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Roadblock to collecting court awarded attorney’s fees

Sheila McCorkle is a summer associate at Akin Gump.

Yesterday in Astrue v. Ratliff (No. 08-1322), the Court made it a little more difficult for some attorneys to collect fees in cases brought against the government. In an unanimous decision written by Justice Thomas, the Court held that, under the Equal Access to Justice Act (EAJA), an award of attorney’s fees is payable to the litigant, rather than the litigant’s attorney; thus, the federal government can use that award to satisfy a debt owed by the litigant to the United States.   Justice Sotomayor filed her first concurring opinion, which was joined by Justices Stevens and Ginsburg. [Matt Sundquist’s preview and recap of oral arguments in the case are available here and here.]

The respondent in the case, Catherine Ratliff, is an attorney who successfully represented Ruby Willow Kills Ree in her suit challenging the denial of her Social Security benefits. The district court granted Ree’s motion for an award of $2112.60 in attorney’s fees under the EAJA, which provides in 28 U.S.C. § 2412(d)(1)(A) that “a court shall award to a prevailing party . . . fees and other expenses . . . in any civil action brought by or against the United States.”   However, the government sought to use the award to offset an outstanding debt owed by Ree to the federal government.

Ratliff filed suit against the Social Security Commissioner to recover the fees, arguing that fees awarded under Section 2412(d) belonged to her rather than Ree.  The district court rejected that argument but, on appeal, the Eighth Circuit reversed. While acknowledging a conflict with the decisions of other circuits, the court of appeals deemed itself bound by its own precedent and thus held that “attorneys’ fees awarded under the EAJA are awarded to the prevailing parties’ attorneys, rather than to the parties themselves.”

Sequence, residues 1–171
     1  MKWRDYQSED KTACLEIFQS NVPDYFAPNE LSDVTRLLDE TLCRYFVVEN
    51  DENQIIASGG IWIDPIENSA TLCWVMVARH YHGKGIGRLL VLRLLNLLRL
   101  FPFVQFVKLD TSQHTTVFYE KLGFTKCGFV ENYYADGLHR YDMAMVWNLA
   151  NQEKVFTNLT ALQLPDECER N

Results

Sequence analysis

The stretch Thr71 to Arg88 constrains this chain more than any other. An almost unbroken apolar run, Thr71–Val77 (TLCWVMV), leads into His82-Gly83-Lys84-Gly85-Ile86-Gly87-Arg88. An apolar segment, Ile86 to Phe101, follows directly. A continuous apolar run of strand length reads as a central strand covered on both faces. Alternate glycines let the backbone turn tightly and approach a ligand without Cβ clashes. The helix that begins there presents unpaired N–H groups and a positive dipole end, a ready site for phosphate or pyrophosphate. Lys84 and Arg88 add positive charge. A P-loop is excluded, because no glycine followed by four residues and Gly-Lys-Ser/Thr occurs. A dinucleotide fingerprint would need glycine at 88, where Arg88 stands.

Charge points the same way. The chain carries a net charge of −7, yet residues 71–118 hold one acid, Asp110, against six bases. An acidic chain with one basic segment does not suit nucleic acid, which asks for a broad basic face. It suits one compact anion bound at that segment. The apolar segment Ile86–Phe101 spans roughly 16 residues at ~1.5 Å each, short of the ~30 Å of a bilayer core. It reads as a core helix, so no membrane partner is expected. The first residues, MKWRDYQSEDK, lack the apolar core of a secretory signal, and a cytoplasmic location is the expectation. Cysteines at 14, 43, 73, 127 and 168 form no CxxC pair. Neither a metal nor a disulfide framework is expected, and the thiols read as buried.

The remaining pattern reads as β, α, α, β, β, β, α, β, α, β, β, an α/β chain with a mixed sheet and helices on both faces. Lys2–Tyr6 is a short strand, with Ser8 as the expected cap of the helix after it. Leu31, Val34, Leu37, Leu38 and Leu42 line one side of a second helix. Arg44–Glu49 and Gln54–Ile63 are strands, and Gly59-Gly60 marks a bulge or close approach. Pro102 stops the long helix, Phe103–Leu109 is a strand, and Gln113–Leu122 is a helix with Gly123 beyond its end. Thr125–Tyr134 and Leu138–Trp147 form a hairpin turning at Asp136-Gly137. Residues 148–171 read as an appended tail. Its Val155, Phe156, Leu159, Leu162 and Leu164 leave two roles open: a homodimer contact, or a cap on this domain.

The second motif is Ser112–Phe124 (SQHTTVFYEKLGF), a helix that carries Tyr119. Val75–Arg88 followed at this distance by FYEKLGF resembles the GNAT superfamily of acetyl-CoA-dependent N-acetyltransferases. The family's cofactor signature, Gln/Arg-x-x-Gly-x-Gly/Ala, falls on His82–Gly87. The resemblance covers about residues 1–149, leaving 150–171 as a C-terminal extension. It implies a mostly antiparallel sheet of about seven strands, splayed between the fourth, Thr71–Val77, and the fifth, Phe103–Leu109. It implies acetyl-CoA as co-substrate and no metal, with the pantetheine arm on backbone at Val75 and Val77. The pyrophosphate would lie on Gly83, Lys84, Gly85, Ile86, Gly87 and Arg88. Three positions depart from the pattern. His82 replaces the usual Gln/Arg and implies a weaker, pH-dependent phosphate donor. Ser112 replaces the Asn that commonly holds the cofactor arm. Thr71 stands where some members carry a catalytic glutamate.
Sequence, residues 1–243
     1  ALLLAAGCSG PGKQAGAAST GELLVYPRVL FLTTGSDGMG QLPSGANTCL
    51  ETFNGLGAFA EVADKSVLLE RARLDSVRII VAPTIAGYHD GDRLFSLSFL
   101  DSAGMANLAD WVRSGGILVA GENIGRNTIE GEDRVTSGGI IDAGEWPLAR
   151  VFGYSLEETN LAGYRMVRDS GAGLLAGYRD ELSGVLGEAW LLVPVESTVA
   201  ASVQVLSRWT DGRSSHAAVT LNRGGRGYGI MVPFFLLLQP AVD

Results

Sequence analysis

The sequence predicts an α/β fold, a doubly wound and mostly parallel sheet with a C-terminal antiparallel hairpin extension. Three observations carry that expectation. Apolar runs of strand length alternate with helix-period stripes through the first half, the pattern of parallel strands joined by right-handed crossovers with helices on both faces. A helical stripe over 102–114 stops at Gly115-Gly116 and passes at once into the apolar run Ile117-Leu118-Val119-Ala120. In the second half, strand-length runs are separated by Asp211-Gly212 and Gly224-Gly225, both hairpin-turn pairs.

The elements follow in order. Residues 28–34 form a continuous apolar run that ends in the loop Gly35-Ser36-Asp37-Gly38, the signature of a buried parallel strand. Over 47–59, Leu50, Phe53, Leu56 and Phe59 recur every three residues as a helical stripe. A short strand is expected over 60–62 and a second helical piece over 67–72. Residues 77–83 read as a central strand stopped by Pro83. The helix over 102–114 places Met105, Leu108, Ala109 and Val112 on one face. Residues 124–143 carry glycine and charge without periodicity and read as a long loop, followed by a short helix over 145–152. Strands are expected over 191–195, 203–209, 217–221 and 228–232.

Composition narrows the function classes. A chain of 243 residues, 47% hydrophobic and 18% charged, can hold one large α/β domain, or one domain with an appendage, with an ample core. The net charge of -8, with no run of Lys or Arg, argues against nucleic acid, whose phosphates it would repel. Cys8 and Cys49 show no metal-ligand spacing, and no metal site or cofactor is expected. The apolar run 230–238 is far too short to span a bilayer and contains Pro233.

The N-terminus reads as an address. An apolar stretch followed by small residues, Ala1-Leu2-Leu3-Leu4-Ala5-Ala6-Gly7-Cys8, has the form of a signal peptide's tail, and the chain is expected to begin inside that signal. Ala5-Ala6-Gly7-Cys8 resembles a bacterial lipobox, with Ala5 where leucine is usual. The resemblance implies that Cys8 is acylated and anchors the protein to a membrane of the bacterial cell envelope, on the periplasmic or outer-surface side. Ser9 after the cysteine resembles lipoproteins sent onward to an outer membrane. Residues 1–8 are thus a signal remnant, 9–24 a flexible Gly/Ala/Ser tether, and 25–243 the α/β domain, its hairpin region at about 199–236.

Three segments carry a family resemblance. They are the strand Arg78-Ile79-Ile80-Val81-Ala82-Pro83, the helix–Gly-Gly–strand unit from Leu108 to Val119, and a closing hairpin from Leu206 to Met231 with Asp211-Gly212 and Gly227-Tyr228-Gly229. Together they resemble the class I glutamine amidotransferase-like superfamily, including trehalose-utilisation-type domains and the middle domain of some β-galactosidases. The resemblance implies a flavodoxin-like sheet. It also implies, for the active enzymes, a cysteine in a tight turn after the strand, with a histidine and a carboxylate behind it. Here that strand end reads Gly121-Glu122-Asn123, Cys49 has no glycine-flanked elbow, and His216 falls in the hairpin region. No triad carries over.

The Court in turn reversed the Eighth Circuit.  Emphasizing longstanding precedent holding that the term “prevailing party” in fee statutes is a “term of art” referring to the prevailing litigant, the Court found nothing in EAJA to the contrary. Indeed, the Court reasoned, other provisions in the statute clearly distinguish the party who receives the fee award (the litigant) from the attorney:  Section 2412(d)(1)(B), for example, treats attorneys on par with other service providers in a manner that foreclosed the possibility that attorneys have a right to the awarded fee.

Moreover, the statute’s use of the verb “award” does not render fees payable to the prevailing party’s attorney. In rejecting Ratliff’s argument to the contrary, the Court explained that in a litigation context the transitive verb “award”  had a well-settled meaning of “giving or assigning” by judicial decree. Thus, its plain meaning in subsection (d)(1)(A) is that the court shall “give or assign” attorney’s fees by judicial determination to the prevailing party. The fact that the prevailing party’s attorney may have a beneficial interest or contractual right in the fees, the Court added, did not alter the meaning of “prevailing party.”

Nor was the Court persuaded by the argument that the EAJA fee provision is at least ambiguous in light of other provisions in the statute, the Social Security Act (SSA), and the government’s practice of paying some EAJA fees awards directly to attorneys in other cases. Rather, the Court emphasized, the fact that SSA provisions granting fee awards are directly payable to attorneys merely demonstrates that Congress “knows how” to create a direct fee requirement when it wants.

In her concurrence, Justice Sotomayor agreed with the Court that its holding was supported by its precedents and the EAJA’s text.  However, she believed that had it considered the question, Congress would “not have wanted EAJA fee awards to be subject to offset.”   In particular, she expressed concern that the Court’s ruling would undermine the purpose of EAJA, whose fee awards were created by Congress to reduce the financial barriers associated with challenging unreasonable government actions. Thus, she warned, by subjecting EAJA awards to administrative offsets for litigants with debts, the Court’s ruling will inevitably make it more difficult for persons of limited means to obtain legal representation.